2020 and the Chicago Fire of 1871

2020 and the Chicago Fire of 1871

As I write this, best estimates put the worldwide death toll for COVID-19 at a little over 930,000 people worldwide. At this point, one can only guess at the economic damage. Some of us have lost loved ones or property. This has been a devastating year for many of us. Dwight Moody also faced tremendous tragedies. He lived through the carnage of the American Civil War. Then shortly thereafter, in 1871, he faced another tragedy, the Chicago fire. The fire was one of the greatest urban tragedies of the nineteenth century. It was also a crucial turning point in the life of Dwight Moody.

The fire began on October the 8th and would burn until the 10th. When it was over, three and a half square miles of the city were gone. About 100,000 people, almost a third of the city, were left homeless. Fifty churches and missions as well as eighteen thousand buildings were reduced to a smoldering pile of ashes. This tragedy would reveal Moody’s faith as well as shape his future ministry. As we face the trauma of a national pandemic, there are lesson for us to learn from Mr. Moody’s experience.

The material cost of the fire to Mr. Moody was severe. His own home was destroyed. One of the few things saved was a portrait of Mr. Moody that his wife grabbed as they fled the house (it hangs today in his birth home in Northfield). Upon returning to his house after the fire, the only thing Moody recovered was a toy stove of his daughters. Two of Moody’s places of ministry—the YMCA and the church building that housed the Sunday School—were smoldering hulks. All that was left was the congregation we today refer to as Moody Church.

However, Moody immediately concerned himself with the needs of others. Working in connection with the Sunday School and Moody Church, he had a large structure erected to provide temporary shelter for displaced people. Moody raised the funds for the building and helped recruit the staff for the enterprise. Food was prepared and served daily. Ever the evangelist, Moody made sure all who came heard the Gospel. He also provided spiritual encouragement and instruction for those who were already believers. (1)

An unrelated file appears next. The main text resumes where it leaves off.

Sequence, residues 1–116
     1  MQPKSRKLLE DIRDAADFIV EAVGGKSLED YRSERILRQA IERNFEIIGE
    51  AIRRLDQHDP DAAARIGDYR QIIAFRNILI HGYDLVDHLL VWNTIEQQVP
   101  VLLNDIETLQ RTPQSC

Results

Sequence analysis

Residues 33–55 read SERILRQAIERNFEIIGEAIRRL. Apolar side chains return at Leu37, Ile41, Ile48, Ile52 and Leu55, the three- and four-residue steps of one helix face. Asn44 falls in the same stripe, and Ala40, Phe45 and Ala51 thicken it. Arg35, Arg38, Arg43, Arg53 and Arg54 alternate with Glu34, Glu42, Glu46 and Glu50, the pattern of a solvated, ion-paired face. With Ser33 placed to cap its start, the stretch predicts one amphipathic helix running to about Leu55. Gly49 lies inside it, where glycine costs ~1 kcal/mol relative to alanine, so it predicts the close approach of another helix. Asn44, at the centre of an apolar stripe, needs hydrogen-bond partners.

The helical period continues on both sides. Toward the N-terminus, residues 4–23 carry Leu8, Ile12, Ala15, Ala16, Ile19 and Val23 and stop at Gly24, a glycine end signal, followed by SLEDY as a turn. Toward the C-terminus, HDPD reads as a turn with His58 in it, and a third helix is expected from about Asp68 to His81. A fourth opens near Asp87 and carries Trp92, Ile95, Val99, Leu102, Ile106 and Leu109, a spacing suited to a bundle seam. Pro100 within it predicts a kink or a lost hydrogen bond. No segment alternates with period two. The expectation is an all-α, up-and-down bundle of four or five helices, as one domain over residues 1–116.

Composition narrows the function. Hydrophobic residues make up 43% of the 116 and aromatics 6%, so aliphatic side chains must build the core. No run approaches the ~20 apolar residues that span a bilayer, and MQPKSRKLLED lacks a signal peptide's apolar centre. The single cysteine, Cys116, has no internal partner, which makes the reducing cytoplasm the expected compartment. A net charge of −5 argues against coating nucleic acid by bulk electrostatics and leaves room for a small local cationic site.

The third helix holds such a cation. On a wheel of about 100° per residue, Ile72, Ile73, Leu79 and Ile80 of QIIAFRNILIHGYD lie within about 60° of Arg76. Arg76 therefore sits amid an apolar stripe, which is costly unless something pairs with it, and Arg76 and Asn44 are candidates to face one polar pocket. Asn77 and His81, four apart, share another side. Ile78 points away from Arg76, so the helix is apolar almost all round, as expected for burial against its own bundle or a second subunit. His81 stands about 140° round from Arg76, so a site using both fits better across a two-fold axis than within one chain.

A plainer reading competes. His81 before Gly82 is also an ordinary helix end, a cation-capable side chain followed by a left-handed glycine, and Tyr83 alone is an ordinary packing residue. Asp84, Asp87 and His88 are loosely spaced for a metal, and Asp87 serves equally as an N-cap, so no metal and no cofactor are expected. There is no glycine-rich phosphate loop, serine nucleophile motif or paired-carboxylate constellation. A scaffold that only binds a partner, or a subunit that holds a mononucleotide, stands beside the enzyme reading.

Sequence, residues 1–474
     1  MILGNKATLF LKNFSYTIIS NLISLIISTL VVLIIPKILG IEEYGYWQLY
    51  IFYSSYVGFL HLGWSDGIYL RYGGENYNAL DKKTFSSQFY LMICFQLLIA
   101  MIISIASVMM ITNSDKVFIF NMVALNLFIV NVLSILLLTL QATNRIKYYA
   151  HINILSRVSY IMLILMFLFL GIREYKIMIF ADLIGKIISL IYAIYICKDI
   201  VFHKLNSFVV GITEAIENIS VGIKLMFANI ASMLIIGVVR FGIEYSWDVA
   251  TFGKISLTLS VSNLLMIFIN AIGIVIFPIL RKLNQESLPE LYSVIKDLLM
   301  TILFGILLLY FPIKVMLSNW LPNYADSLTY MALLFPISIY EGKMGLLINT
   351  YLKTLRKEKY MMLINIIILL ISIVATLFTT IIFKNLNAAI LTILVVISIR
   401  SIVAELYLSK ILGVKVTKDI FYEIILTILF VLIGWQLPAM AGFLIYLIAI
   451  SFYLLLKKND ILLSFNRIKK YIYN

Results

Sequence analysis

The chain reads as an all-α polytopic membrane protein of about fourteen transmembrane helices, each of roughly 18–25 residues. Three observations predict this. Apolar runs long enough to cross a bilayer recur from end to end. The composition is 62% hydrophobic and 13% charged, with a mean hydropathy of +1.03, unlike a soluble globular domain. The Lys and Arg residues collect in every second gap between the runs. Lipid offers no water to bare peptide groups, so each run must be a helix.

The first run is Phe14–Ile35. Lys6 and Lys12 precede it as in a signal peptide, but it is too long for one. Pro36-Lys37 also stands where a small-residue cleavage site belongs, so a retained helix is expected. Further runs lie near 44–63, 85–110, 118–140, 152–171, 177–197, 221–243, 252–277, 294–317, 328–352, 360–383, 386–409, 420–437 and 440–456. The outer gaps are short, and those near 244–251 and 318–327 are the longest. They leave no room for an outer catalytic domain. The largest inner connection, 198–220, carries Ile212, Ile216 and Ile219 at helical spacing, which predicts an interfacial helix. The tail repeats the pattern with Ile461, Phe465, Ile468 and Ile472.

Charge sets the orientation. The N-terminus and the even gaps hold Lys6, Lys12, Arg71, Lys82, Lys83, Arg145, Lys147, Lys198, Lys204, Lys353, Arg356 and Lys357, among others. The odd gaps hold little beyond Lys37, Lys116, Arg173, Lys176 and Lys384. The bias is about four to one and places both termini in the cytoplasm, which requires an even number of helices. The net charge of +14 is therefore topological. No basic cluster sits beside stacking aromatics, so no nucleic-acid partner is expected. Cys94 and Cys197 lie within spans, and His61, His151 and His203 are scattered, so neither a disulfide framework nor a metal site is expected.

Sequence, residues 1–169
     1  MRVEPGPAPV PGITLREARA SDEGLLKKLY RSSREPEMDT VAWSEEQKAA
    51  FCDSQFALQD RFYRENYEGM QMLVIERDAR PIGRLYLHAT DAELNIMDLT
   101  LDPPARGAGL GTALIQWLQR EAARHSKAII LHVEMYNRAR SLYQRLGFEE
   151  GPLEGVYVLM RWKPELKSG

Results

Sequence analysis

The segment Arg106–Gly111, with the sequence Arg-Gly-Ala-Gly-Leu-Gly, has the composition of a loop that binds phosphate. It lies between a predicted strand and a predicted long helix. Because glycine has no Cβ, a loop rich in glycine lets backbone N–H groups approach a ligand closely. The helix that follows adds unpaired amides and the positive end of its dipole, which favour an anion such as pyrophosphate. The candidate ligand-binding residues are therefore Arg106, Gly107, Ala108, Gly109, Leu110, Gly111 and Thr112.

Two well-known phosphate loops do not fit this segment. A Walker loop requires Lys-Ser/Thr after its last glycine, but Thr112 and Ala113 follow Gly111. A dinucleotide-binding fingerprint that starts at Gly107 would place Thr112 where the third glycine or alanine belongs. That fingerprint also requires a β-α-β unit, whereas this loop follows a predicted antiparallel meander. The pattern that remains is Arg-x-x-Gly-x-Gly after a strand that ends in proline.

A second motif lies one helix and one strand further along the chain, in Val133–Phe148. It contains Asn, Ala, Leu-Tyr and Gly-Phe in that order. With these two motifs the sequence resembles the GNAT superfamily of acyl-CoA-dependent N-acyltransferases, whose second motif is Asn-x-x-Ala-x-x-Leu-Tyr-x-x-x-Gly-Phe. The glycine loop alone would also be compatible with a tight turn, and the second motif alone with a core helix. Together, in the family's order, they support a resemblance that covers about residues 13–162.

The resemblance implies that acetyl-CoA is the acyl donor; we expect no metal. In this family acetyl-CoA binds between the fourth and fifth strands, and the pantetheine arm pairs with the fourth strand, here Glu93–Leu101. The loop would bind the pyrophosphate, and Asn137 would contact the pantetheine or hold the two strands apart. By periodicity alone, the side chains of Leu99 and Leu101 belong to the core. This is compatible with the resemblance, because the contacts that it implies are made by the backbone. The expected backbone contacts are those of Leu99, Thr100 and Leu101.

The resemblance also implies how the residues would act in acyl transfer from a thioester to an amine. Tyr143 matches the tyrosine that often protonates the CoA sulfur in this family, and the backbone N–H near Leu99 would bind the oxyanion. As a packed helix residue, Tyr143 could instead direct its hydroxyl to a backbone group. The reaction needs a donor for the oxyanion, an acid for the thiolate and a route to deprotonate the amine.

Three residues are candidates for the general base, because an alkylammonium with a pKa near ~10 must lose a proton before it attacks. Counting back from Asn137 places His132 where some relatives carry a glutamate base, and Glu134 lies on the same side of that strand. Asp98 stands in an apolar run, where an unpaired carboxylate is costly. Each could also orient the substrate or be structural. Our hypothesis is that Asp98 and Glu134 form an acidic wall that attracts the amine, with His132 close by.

Some of us have lost a great many material things during this time. It is painful. What we see in Mr. Moody is a heart for others. In his own loss, Moody gave of himself to relieve the loss of others. Jesus calls us to follow Him, to copy Him. He gave His life so that we may live. Let us pray that God would give us the same grace he gave Moody, to serve others even in the midst of his own loss.

The effects of the fire went well beyond the loss of property for Moody. It left a spiritual scar as well. The night the fire broke out, Moody was preaching to an audience of about 2500. He spoke on Pilate from Matthew 27:22, “What then shall I do with Jesus which is called the Christ?” Moody ended the meeting by challenging the audience to take the week to weigh the claims of Christ. He promised to return the following week to challenge them to commit to Christ. The meeting ended with a hymn during which many noticed the sounds of fire engines. (2)

Moody would later describe the one-week challenge in this meeting as one of the biggest mistakes of his life. He often wondered how many of those 2,500 people died that night or the next day in the fire. He later said, “I want to tell you of the one lesson I learned that night: … that is, when I preach, I press Christ upon the people then and there and try to bring them to a decision on the spot. I would rather have that right hand cut off than to give an audience now a week to decide what to do with Jesus.” (3)

Spiritually, the fire gave focus and urgency to Moody. One of his later sermons reflected this commitment: “Concentrate your life upon some one thing and it will cut a channel so deep that your influence will be felt.” (4) Too often we live as “jack of all trades and master of none.” This experience caused Moody to focus on his gifting and calling. Moody became a man focused on his calling to evangelism. This focus allowed his life to cut deep. The quote from Moody still rings true. Find your gifting and your calling. It maybe something insignificant in the eyes of humans, but God sees it as important. Serve him faithfully and let your life cut deep.

Not only did Moody become focused but there was a new urgency in his service to Christ. Moody learned tomorrow is not guaranteed, either for him or those around him. Many of us think we will get around to serving God tomorrow. This pandemic is a clear reminder to us our lives are very fragile. Do not leave for tomorrow what the Lord wants you to do today; tomorrow is not guaranteed.

Tragedy of various kinds are woven deep into human life. Mr. Moody’s life was no different than ours. Let us pray we will serve the Lord faithfully and become better servants of Him as we travel through this together.


GREG QUIGGLE is the D.L. Moody professor of Historical Theology at the Moody Bible Institute in Chicago. He holds a PhD from the Open University in the United Kingdom, an MA in Historical Theology from Marquette University, an MA in Church History from Wheaton College, and a BA in Psychology from Wheaton College. He has lectured and written on Dwight Moody and the history of Moody Bible Institute.


  1. Daniels, Moody: His Words, 37.
  2. Sweeting, George, Mr. Moody, 43.
  3. Moody, William R., Life of Moody, 145.
  4. Rhodes, Richard S., Moody’s Latest Sermons (Chicago: Rhodes & McClure, 1998), 680-81.

Photo courtesy Library of Congress